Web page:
Jenks head coach says traveling for championship game ‘doesn’t really matter’

Jenks head coach says traveling for championship game ‘doesn’t really matter’

Late last week it was announced that a bill which would intervene the Oklahoma Secondary Schools Athletic Administration’s decision to hold state championship games at UCO’s Wantland Stadium had been filed.  

State Sen. J.J. Dosett, D-Sperry, introduced the bill Friday that would make it to where schools in a championship game can choose where the game is played, rather than the OSSAA.

Last month the OSSAA revealed that all football state championship games from Classes 6A to A would play at the University of Central Oklahoma’s Wantland Stadium. This immediately caused uproar from Tulsa-area fans.

Tulsa-area schools have been the only teams to participate in the state championship game since 2012. West side teams have been featured in just six of the last 20 state championship games, with none winning.

Jenks faced Owasso in the inaugural year of the single-site state championship series. Coach Keith Riggs weighed his thoughts on the controversy:

“I think from a coach or team perspective, if you’re focusing on where you’re playing, you’re probably focused on the wrong things,” Riggs said. “What really matters to us is the opportunity to compete for a championship which is exciting no matter where you play.”

“I think it’s gotten a little out of control.”

Keith Riggs – Head coach of Jenks football

Arguments against the single-site championship games have come from concerns of student safety and the frequency of east side teams playing in the game. Riggs said he understands the frustration from a fan standpoint.

“I think fans certainly would love something close just to make it convenient and I get that. I would be the same way if I were going to watch a game, something close is great. I think any coach would tell you it really doesn’t matter where you play. Once you arrive and you start your pregame activities, it’s going to be the same no matter where you’re at.”

No wrecks or injuries were reported the night of the state championship game. The Jenks football booster club offered a package to students that provided travel to and from Edmond for $15.

However, with the introduction of the proposed bill and the public outcry, Riggs says things have been exaggerated.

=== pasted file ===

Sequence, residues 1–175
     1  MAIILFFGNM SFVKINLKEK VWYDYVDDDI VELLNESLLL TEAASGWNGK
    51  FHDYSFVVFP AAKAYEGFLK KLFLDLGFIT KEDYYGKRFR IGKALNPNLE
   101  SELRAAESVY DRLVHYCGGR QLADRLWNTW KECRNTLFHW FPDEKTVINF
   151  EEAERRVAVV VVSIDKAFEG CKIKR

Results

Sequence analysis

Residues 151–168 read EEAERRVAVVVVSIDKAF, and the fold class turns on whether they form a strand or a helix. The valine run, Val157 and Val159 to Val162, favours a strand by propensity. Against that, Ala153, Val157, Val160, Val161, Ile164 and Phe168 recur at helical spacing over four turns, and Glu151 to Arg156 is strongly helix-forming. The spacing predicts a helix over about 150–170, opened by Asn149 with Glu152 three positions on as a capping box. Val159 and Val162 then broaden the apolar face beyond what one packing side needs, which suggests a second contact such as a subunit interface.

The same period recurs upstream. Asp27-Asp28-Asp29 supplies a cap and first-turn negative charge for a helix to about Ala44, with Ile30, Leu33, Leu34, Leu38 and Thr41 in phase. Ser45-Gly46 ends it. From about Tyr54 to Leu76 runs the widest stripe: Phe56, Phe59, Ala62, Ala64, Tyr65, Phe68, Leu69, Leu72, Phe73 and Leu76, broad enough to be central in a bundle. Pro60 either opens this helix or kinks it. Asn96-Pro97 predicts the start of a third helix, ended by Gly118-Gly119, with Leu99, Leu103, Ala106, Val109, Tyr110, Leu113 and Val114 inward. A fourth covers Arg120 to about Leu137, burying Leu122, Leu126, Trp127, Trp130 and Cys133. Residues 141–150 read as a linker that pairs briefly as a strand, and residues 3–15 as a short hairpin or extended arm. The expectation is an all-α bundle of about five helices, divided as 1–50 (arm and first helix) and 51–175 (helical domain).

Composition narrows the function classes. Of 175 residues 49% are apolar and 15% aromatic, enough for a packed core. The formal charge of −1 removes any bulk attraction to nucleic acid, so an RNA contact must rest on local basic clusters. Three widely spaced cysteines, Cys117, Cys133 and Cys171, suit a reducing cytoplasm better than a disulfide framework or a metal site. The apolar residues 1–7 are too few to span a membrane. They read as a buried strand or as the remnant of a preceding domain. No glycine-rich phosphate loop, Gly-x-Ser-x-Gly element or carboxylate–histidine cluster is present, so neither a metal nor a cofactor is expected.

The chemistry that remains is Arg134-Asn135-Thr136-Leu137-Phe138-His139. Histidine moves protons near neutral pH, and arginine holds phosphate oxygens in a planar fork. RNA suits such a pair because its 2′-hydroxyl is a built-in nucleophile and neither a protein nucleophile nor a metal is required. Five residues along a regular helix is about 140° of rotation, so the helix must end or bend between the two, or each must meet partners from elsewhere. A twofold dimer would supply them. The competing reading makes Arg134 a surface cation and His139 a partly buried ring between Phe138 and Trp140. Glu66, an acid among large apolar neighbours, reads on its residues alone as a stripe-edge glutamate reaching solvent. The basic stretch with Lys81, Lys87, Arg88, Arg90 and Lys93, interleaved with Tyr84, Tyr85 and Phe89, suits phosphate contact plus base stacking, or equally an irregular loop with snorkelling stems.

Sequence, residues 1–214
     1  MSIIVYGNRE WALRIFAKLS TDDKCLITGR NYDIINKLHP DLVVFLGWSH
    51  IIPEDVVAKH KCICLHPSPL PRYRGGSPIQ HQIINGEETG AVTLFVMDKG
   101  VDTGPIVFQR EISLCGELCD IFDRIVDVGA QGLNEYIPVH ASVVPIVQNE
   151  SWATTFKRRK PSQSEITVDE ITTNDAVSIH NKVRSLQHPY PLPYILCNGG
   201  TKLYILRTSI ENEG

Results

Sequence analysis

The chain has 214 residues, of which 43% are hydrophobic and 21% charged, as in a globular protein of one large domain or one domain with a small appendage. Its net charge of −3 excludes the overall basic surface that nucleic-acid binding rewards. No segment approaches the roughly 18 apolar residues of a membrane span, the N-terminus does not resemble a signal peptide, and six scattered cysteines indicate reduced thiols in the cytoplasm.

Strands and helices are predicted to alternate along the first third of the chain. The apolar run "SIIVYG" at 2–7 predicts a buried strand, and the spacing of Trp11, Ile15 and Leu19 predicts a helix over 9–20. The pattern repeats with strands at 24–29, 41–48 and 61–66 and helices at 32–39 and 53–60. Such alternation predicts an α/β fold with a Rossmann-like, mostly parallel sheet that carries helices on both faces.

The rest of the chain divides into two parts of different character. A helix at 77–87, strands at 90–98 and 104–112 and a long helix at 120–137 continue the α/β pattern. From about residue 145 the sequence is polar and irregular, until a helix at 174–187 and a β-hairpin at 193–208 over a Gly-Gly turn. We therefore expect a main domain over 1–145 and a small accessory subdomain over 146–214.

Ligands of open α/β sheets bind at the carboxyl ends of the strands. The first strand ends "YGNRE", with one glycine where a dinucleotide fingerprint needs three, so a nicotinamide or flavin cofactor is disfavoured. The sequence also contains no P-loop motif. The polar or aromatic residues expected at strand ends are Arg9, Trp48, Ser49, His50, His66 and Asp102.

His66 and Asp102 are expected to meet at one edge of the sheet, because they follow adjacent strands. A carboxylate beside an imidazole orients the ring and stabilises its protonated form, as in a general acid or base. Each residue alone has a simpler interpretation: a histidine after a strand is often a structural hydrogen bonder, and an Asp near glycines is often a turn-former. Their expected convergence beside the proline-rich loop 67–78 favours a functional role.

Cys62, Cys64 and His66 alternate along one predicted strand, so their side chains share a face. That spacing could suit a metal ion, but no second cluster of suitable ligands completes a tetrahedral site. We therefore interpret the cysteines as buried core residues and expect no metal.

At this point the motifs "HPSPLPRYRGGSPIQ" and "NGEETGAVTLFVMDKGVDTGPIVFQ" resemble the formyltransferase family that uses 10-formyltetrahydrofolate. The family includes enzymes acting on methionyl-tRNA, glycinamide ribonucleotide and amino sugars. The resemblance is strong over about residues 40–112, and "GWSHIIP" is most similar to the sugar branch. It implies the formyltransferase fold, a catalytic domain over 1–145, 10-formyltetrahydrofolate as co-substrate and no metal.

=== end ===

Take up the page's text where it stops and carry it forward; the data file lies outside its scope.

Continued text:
“I think it’s gotten a little out of control,” he said.

The OSSAA said they had the backing of coaches and athletic directors on both sides of the state to make the change. Riggs said he, personally, was not approached for his opinion.  

“I found out when everybody else did, when they made the announcement,” he said. “When they called the press conference, rumors started flying as to what they were going to announce. Everybody kind of thought they were going to announce the single site.

“I know they were in touch with different AD groups and the Oklahoma Football Coaches Association but as far as me personally, I never heard from or spoke to them about it.”

The Trojans didn’t mind the trip and they appreciated the University of Central Oklahoma’s hospitality.

“UCO, the people there were great,” Riggs said. “They were very accommodating and did everything they could to make things work having three games there the day we played. I thought this year went well. I’m sure they’ll look at it and make tweaks and changes that they think is necessary. Ultimately for us, it doesn’t really matter.”

The OSSAA has given no inclination to switch back and plans to continue football state championship games at Wantland Stadium in the future.

Hayden Tucker

Hayden Tucker is the Sports Editor and Director of Media for the Jenks Tribune. He has three years of experience in newspaper journalism before joining the Tribune. Tucker was born in McAlester, then moved to the Oklahoma City area in 2010 where he lived for nine years prior to moving to Jenks.

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